Health

Types of Surgical Treatments for Kidney Cancer

A multidisciplinary team comprising a urologist and other cancer specialists will work together to determine the right treatment for kidney, or renal, cancer based on evaluation of a patient’s overall health. It can be a single mode of treatment or a combination of methods depending on what stage of cancer. The type of treatment will depend on various factors, including symptoms and possible side effects.

Some of the most common treatments for kidney cancer include targeted therapy, chemotherapy, surgery, or radiation therapy. Surgery is a common option at various stages, and the type of surgery advised would depend on the level of progression of the disease. In general, the surgery aims to remove all of the tumors along with the affected tissue in order to salvage the kidney. Based on how far the cancer has spread in the kidney, part or all of it along with the lymph nodes and tissue would be removed in surgery using various techniques.

Some of the common types of surgery include the following:

1. Radical nephrectomy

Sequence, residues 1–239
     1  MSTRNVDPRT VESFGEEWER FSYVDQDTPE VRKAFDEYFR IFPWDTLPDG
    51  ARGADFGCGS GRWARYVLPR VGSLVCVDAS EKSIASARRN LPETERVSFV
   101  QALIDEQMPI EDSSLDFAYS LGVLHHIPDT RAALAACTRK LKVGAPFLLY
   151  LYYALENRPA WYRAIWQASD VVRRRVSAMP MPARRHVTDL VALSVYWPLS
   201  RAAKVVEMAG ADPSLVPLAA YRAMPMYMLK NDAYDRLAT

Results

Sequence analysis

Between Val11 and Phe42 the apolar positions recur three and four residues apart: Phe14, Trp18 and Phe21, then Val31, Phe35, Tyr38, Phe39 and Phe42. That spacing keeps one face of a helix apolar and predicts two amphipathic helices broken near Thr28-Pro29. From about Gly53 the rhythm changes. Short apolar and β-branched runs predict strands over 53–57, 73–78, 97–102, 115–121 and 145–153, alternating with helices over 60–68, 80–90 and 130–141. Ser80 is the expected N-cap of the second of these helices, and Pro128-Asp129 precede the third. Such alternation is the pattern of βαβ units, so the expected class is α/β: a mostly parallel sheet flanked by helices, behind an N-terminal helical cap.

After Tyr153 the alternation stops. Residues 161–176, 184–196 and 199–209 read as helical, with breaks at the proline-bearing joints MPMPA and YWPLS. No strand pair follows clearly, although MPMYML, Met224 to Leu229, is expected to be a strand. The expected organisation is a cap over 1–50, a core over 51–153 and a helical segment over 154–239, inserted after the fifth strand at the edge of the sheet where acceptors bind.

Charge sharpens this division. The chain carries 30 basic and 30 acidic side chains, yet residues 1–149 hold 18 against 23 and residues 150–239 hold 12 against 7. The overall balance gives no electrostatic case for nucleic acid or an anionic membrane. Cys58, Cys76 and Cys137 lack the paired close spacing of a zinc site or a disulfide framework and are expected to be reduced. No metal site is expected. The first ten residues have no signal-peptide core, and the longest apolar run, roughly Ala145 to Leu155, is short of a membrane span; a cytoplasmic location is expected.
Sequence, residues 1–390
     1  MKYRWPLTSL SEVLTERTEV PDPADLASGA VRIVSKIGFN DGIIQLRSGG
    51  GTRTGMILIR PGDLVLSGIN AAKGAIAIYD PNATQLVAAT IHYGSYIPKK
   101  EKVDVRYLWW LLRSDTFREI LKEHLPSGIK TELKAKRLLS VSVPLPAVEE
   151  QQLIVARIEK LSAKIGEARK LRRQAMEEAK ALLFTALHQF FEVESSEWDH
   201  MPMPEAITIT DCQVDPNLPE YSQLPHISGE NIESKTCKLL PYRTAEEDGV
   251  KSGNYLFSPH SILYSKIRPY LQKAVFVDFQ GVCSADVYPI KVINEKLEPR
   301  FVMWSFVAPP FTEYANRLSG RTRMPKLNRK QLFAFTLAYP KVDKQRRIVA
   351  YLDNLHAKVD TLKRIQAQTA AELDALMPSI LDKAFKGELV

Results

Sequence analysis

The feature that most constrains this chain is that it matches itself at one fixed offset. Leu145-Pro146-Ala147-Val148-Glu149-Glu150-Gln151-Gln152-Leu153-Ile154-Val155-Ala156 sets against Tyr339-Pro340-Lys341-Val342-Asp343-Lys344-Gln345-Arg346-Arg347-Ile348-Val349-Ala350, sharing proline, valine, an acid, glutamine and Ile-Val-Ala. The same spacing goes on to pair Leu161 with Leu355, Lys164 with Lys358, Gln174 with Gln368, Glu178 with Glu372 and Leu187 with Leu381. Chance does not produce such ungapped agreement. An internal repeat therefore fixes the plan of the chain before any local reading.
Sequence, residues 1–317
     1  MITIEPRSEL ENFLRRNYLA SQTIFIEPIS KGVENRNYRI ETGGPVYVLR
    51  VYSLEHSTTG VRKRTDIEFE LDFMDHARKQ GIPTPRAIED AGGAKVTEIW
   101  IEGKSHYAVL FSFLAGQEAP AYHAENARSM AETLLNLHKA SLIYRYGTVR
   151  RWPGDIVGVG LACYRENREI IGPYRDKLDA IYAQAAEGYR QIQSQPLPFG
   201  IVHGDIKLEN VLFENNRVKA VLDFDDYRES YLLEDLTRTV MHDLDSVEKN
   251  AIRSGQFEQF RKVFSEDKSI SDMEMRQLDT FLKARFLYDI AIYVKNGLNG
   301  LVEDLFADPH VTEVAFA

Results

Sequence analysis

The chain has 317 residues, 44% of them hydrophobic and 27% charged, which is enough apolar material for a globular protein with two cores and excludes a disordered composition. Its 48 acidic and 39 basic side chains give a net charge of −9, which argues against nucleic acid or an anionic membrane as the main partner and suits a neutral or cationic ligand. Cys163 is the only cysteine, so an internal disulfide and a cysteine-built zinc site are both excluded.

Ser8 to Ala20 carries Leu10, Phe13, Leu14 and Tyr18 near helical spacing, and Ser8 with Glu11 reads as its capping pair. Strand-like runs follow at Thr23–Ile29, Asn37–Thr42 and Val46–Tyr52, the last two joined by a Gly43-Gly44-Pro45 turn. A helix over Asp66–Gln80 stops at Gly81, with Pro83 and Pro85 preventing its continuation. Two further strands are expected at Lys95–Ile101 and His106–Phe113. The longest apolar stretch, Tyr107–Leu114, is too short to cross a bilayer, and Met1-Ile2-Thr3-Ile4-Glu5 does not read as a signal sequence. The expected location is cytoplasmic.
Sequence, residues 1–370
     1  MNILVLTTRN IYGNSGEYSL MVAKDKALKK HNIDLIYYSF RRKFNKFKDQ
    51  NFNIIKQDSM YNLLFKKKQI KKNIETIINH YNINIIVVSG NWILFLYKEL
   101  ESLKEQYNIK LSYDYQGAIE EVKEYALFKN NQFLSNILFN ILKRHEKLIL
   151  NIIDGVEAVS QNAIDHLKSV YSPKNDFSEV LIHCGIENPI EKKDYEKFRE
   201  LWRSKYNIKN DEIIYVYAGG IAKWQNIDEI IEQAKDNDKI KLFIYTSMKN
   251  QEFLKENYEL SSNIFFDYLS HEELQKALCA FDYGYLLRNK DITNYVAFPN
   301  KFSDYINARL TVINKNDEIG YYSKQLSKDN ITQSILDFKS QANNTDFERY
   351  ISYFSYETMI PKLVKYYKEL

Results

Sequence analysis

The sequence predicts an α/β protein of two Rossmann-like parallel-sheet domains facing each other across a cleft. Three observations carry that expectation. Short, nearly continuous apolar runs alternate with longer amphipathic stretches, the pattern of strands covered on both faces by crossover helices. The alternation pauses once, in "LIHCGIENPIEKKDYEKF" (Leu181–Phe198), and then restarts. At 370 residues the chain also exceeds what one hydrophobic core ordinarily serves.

This is the surgical treatment for renal/kidney cancer wherein the tumor along with the kidney and the surrounding tissues are removed. Based on the level of spread to lymph nodes and the surrounding tissues, a clean margin would be sought to remove the cancer cells as completely as possible. A dissection would be performed on the lymph nodes and the surrounding tissues of the kidney to get that level of precision on cancer. A procedure known as adrenalectomy would be used to remove the adrenal glands if they have been affected by cancer. This is a common course of treatment when the tumor is large and the amount of healthy tissue present on the kidney can barely be saved.

2. Partial nephrectomy
As the term suggests, this form of surgical treatment for renal/kidney cancer would involve only a calculated removal of the tumor in order to ensure that the kidney function or function of the renal veins are not compromised. This is appropriate for patients with T1 tumors and surgery is a possible option.

There are also other minimally invasive surgical treatments for renal/kidney cancer in the form of laparoscopic or robotic surgery. This is done using smaller incisions and the period for recovery is quicker. However, the goal of the procedure would be to carve out the tumor as a whole. The time taken would still be longer than the traditional types of surgery as the area covered would be more extensive.

Regardless of the mode of surgical treatment for renal/kidney cancer, it is important to know all the details involved, from pre-surgery to post-surgery care so that you do not end up straining or complicating post-surgery recovery.

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